• Low Power CMOS Data Converter with SNDR analysis for High Speed System On Chip Applicationsnonlinearity presents in the track and hold circuit [9] can be reduced. In 2004, a complementary average valuetechnique has been proposed in which the input signal is pre-processed before comparing it with a fixed voltagereference level in order to simplify the comparator design [10]. III. DESIGN OF 8-BIT FLASH DATA CONVERTER In this section the proposed 45nm CMOS technology based 8-bit flash analog to digital converter isdescribed. The 8-bit flash (ADC) Analog to Digital Data Converter consists of following blocks: i) comparatorbank, ii) 1-out of n-code generators and iii) 255 x 8 NOR ROM.A. System Specifications: The block schematic diagram is shown in the figure 1 below. Figure 1. Block diagram of a 8-bit flash ADC The set of comparator circuit accepts an analog input such as current or voltage and provides an n-bitbinary number at the output. Among various analog to digital converters, the flash type ADC is always preferredfor the low power and high speed applications. The proposed ADC is designed which meets the specificationsshown in table 1 where VLSB denotes the quantization step value of the ADC. Parameter Specifications Resolution 8 Bit CMOS Technology 45 nm Architecture Flash Power Supply (VDD) 0.6 V VLSB 500 μV Speed (Samples /sec.) 3G Power Consumption 41.78 μW Signal to Noise Distortion Ratio 31. 9 dB Table 1. Design Specifications of 45nm Flash ADCB. Proposed Design Approach: The design of an n-bit flash ADC requires the design of 2n – 1comparators, 1-out of n code generators and a (2n – 1 x n) NOR ROM. As shown in figure 2, a 4-bit ADC is designed whichneed 15 comparators, 1-out of 15 code generators and a 15 x 4 NOR ROM. Similarly, for a 8 bit ADC, wedesigned 255 TIQ based comparators, 1-out of 255 code generators and 255 x 8 NOR ROM. As discussedearlier, the TIQ based technique does not require a resistive ladder circuit like a conventional flash ADC circuitbecause the switching voltages for the TIQ comparators are determined by the sizes of the PMOS and NMOStransistors in the comparator. Hence the design is much simpler, faster and suitable for low power, low voltageand high speed System-on-chip applications. Figure 2 shows the circuit diagram for a 4-bit flash ADC based on the TIQ technique. Each of thecomparators is designed to switch at a specific reference voltage. We need 24-1 i.e.; 15 comparators. As theinput analog voltage increases the comparators start turning on in succession from comparator 0 (COMP_0) tocomparator 15 (COMP_15). Thus, we get a thermometer code at the output of the comparators. The point wherethe code changes from one to zero is the point where the input signal becomes smaller than the respectivecomparator reference voltage levels. This is known as thermometer code encoding, so named because it issimilar to a mercury thermometer, where the mercury column rises to the appropriate temperature and nomercury is present above that temperature. The thermometer code is converted to a binary code in two steps.First, the thermometer code is converted into a 1-out of n code using the 1-out of n code generators. This code issubsequently converted to binary code using a NOR ROM. Therefore the input analog voltage is represented bya binary code at the output. www.iosrjournals.org 43 | Page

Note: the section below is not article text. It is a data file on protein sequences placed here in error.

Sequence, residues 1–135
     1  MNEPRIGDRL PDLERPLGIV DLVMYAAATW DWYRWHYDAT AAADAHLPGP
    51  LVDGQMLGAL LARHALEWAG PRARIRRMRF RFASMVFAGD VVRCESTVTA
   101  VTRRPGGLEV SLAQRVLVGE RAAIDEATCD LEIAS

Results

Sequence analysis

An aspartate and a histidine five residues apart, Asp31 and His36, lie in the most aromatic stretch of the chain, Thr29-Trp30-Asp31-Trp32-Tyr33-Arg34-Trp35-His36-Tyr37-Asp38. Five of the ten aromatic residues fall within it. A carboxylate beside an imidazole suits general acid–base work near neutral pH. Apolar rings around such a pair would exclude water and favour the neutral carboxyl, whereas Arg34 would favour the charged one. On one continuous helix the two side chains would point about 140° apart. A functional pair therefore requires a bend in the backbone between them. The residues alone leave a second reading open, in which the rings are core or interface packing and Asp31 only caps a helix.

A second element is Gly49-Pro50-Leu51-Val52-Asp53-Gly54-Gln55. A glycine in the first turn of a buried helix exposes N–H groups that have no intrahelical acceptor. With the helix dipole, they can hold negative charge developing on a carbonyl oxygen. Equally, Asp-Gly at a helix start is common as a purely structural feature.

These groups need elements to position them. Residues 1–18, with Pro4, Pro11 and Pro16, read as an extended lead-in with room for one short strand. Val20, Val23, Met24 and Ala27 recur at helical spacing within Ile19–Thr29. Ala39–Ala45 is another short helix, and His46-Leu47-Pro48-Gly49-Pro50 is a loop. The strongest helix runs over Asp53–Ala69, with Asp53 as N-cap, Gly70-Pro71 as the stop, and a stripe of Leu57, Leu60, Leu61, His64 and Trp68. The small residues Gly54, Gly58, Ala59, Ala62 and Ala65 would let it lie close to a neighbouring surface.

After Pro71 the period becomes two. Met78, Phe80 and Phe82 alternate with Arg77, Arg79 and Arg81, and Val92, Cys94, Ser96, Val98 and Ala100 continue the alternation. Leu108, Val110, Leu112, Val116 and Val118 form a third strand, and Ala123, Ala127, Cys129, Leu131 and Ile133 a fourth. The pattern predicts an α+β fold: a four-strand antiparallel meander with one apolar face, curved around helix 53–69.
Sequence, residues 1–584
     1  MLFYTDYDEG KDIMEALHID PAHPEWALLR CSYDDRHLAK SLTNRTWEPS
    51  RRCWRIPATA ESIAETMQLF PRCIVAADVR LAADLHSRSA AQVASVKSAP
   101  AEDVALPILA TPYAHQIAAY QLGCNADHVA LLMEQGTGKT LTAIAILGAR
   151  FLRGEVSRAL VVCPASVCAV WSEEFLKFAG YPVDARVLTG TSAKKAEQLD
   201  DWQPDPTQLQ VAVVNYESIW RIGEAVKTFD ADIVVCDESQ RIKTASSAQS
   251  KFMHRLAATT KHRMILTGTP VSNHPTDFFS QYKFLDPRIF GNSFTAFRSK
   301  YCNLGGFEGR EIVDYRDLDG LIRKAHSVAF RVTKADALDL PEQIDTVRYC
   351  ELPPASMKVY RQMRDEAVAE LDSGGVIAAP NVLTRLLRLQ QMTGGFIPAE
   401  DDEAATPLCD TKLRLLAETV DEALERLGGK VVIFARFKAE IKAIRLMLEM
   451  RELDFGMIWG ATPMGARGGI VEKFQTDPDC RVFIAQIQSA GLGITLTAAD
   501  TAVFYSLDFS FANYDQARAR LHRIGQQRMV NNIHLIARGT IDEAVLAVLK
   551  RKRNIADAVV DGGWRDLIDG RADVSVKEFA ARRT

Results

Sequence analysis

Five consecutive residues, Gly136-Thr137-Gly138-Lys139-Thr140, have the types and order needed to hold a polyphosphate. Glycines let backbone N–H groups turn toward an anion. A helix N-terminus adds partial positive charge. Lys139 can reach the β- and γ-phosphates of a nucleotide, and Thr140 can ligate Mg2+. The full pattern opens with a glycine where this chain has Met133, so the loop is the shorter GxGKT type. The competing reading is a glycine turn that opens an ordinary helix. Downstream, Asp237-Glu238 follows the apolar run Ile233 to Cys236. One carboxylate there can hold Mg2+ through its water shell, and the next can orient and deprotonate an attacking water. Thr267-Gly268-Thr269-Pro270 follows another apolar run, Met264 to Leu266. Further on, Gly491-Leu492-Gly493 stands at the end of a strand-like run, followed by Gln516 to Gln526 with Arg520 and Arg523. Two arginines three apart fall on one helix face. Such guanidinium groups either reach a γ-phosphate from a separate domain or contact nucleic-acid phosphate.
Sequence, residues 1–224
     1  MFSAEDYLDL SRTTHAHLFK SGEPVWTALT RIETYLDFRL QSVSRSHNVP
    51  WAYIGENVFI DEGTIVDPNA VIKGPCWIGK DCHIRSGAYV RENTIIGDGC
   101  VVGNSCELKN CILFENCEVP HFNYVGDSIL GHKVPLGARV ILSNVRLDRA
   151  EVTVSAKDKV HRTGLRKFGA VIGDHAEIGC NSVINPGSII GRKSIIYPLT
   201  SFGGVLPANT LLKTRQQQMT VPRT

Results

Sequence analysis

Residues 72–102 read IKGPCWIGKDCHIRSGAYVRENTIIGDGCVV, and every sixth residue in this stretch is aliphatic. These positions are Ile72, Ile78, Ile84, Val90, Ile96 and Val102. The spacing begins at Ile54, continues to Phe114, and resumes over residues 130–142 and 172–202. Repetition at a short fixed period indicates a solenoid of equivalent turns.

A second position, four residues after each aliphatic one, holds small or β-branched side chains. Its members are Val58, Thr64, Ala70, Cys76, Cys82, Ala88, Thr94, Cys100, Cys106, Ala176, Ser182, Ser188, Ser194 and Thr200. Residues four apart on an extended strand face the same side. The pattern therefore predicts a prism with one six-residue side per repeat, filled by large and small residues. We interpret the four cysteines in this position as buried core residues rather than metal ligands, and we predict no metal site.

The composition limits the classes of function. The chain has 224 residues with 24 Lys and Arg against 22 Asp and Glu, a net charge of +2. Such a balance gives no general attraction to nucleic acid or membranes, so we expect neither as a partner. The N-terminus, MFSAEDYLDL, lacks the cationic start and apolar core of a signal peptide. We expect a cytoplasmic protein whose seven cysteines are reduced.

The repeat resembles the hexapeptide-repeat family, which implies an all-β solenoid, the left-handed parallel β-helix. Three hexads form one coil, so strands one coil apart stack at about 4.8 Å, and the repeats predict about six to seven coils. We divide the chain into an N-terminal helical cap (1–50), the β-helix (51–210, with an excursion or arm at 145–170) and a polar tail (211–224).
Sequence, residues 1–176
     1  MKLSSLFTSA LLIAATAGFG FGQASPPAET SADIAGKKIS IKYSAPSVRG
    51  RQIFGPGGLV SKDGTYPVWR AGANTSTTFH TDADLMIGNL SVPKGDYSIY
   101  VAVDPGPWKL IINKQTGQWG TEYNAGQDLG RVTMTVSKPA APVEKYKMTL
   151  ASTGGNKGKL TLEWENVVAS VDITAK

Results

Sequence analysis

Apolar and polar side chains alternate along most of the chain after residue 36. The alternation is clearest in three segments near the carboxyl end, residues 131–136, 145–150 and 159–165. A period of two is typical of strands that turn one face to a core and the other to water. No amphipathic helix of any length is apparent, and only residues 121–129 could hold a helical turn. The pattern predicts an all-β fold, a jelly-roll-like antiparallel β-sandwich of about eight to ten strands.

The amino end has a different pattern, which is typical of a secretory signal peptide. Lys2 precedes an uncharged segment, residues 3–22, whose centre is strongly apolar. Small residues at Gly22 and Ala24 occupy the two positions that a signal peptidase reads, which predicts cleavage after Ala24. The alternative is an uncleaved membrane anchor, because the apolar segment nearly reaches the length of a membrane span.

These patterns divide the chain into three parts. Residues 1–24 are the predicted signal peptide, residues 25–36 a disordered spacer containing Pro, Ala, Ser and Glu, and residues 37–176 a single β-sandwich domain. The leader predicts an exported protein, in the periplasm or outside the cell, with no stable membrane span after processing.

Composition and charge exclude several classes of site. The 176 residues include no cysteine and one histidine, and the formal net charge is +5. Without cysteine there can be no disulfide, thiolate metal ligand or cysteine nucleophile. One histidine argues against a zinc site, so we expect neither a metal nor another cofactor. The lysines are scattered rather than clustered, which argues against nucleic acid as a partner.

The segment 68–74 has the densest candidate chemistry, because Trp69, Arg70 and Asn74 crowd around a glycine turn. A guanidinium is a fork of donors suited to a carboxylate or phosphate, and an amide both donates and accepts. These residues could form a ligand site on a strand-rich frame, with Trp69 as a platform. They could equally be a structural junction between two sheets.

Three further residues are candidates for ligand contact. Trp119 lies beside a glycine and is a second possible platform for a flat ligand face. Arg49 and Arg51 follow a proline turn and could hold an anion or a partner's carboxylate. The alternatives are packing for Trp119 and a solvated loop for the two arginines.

• Low Power CMOS Data Converter with SNDR analysis for High Speed System On Chip Applications Figure 2. Schematic diagram of a 4-bit flash ADC A 8-bit flash ADC design is carried out, which consists of such (fig. 2) two sub-circuit blocks of 4-bitflash ADC. Using the SUBCKT Netlist coding the two 4-bit flash ADCs can be merged in Tanner S-Edit fullcustom schematic design. IV. DESIGN OF TIQ COMPARATOR To ensure a high-quality product, the comparator circuit is modified with Threshold InverterQuantization technique for low power applications.A. Working Principle: In this paper the Threshold Inverter Quantization (TIQ) technique is used especiallyfor low power applications. The TIQ comparator circuit consists of four cascaded inverters as shown in figure 3.In order to provide sharp switching along with full voltage swing such comparators are very essential. Figure 3. Schematic diagram of a TIQ comparator The sizes of the PMOS and NMOS transistors in a comparator are the same, but they are different fordifferent comparators. They depend upon the switching voltage they are designed for. The mathematicalexpression [11] used for deciding these switching voltages is given as: Where, Wp = PMOS width, Wn = NMOS width, VDD = supply voltage, Vtn = NMOS threshold voltage,Vtp = PMOS threshold voltage, μn = the electron mobility, μp = the hole mobility, and also assuming that thePMOS length = NMOS length. The sizes of the NMOS and PMOS transistors used in the proposed 8-bit flashADC corresponding to the minimum and maximum switching voltages are shown in Table 2 below. www.iosrjournals.org 44 | Page View slide